Factors That Contribute to Repeated Suicide Attempts in Teens

Preventing teen suicide is a murky science. Though there are many mental disorders associated with suicidal ideation, often a suicide attempt is the first indication that a mental disorder is in play.

Academic, extracurricular and social pressures are common to most teens and can lead to suicidal ideation, but there are additional circumstances that significantly increase risk – childhood trauma, for instance, in which a teen experienced abuse or neglect.

A study conducted at St. Michael’s Hospital examined the factors that predict repeat suicide attempts among teens. The study was led by Dr. Anne Rhodes, a research scientist at the Suicide Studies Research Unit at St. Michael’s. The findings appeared in the journal Child Abuse & Neglect.

The research team looked at several factors involved in repeated teen emergency room visits for suicide-related behaviors, including age, gender, a history of maltreatment, neighborhood of residence and having a mental disorder diagnosis.

The authors of the study hope to use risk factors to determine the likelihood that an emergency room visit for suicide-related treatment will attempt suicide a second or third time. The findings can also be used to develop preventive methods and screenings for trauma history, as well as aiding in diagnosing mental disorders.

The researchers examined records from 6,484 youths between the ages of 12 and 17 that had been treated in an emergency room for suicidal behavior. The treatments all occurred between 2004 and 2008 in Ontario, Canada.

The researchers then used the information to track which patients were treated again for suicidal behaviors through 2010, with a focus on repetitions among 179 patients who had been removed from their home of origin. The researchers found that teens who had been removed from their parental home were more than twice as likely to engage in repeated suicidal behaviors. This group, the researchers felt, could benefit from additional support and prevention efforts.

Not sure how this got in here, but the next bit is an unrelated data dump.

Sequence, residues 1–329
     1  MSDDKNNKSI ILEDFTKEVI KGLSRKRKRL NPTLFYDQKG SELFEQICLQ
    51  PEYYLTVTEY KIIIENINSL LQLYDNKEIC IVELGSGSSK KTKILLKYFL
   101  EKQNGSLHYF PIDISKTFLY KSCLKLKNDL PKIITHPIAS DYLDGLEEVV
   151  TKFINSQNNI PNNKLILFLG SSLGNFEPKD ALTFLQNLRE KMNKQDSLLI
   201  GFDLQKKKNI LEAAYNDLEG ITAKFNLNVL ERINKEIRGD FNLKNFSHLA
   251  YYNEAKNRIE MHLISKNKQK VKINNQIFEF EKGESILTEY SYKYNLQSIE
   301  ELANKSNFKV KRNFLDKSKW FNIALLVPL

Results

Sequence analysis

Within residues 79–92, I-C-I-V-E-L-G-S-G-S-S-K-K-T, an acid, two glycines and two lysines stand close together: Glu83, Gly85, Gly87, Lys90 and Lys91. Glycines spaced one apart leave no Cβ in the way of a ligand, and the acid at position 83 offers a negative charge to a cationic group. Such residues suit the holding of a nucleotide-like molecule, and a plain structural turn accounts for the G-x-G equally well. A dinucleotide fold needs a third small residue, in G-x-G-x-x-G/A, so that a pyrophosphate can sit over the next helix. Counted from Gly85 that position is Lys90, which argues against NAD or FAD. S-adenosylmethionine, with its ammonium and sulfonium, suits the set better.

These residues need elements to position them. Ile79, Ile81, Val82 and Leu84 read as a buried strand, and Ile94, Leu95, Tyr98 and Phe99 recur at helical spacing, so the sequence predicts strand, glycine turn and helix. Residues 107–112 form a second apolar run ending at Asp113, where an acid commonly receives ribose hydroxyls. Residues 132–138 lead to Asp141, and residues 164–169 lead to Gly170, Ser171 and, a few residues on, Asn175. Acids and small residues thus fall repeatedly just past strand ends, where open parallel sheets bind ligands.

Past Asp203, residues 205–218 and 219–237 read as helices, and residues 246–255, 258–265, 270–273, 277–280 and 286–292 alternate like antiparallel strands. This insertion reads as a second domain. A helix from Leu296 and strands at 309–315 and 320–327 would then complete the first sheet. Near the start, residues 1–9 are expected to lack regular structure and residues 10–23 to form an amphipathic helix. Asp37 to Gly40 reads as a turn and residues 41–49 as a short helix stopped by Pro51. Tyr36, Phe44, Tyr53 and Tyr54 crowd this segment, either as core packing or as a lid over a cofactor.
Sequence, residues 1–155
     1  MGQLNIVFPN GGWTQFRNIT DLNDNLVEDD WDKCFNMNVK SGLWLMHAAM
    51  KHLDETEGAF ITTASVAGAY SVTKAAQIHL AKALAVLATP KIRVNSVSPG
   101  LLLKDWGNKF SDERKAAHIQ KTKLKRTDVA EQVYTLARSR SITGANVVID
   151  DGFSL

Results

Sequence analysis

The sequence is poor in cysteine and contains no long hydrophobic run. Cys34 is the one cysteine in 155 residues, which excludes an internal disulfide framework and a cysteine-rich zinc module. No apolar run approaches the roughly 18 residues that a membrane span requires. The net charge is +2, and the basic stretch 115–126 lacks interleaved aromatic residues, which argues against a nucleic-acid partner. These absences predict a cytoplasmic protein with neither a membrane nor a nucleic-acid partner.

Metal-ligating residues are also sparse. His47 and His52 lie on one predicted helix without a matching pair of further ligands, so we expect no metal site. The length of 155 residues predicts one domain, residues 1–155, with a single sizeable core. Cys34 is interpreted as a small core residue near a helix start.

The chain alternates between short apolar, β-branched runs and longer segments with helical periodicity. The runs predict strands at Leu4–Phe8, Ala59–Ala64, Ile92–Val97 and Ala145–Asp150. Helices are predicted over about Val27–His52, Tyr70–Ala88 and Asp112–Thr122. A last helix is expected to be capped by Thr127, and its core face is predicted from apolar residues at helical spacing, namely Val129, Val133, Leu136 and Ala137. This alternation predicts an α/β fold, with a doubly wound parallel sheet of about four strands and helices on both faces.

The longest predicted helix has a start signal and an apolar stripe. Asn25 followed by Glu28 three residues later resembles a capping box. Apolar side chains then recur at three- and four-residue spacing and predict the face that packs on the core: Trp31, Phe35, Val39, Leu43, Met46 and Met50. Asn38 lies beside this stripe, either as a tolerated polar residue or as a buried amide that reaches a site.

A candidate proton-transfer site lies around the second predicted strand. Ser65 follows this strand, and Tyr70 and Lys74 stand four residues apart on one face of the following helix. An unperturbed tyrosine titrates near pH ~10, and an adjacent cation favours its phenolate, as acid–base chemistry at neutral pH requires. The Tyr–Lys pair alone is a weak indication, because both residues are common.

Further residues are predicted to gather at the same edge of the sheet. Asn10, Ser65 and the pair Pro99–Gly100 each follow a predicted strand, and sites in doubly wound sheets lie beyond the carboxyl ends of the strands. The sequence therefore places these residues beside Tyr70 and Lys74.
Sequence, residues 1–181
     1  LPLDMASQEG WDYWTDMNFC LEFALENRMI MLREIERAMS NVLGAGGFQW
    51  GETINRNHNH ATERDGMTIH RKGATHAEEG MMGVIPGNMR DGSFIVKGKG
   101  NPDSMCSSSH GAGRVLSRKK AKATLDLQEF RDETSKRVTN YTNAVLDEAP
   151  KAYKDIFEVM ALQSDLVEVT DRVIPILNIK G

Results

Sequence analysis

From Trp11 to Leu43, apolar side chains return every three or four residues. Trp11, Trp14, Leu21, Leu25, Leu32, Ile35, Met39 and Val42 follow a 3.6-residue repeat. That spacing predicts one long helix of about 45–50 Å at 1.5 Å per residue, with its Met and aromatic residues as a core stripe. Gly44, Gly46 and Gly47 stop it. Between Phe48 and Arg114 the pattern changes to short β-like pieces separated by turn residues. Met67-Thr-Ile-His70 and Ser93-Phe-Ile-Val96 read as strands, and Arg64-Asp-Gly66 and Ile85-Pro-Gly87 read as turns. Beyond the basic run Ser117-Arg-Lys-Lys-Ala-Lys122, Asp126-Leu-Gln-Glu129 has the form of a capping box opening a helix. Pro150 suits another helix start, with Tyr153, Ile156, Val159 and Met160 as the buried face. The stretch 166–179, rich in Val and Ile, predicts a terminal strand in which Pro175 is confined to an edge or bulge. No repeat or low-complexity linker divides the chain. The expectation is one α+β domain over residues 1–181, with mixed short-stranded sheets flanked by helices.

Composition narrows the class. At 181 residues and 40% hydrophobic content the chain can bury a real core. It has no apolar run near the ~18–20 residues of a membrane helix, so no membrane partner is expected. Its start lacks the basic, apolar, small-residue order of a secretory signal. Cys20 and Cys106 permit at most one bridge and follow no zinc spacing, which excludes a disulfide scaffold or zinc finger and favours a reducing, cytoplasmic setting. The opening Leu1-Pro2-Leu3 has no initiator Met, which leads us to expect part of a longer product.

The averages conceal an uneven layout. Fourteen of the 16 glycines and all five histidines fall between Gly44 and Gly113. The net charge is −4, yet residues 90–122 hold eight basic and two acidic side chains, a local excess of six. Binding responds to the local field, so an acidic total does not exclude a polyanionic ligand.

There was also a high rate of mental disorder diagnoses among those teens treated for suicidal behavior. Those with a mental disorder were twice as likely to return for suicide-related treatment.

In addition, girls and patients between the ages of 12 and 13 were more likely to return to the emergency department for suicide-related treatment when compared with boys and those over the age of 13.

The findings highlight the need for a full assessment. Instead of screening for a handful of mental disorders that are associated with suicidal ideation, clinicians should provide a more comprehensive approach. Teens should be put in contact with a social worker and child welfare personnel in order to determine whether there is a history of neglect or abuse, according to Dr. Rhodes, in order to prevent suicide.

Suicidal ideation is associated with various mental health symptoms, as well as a history of childhood trauma and substance use. It is important for teens being treated for suicidal behaviors to receive a full, comprehensive assessment to determine an effective treatment strategy that will prevent repeat suicide attempts. In addition, the screenings can help identify the underlying disorder or event that could be contributing to the behavior.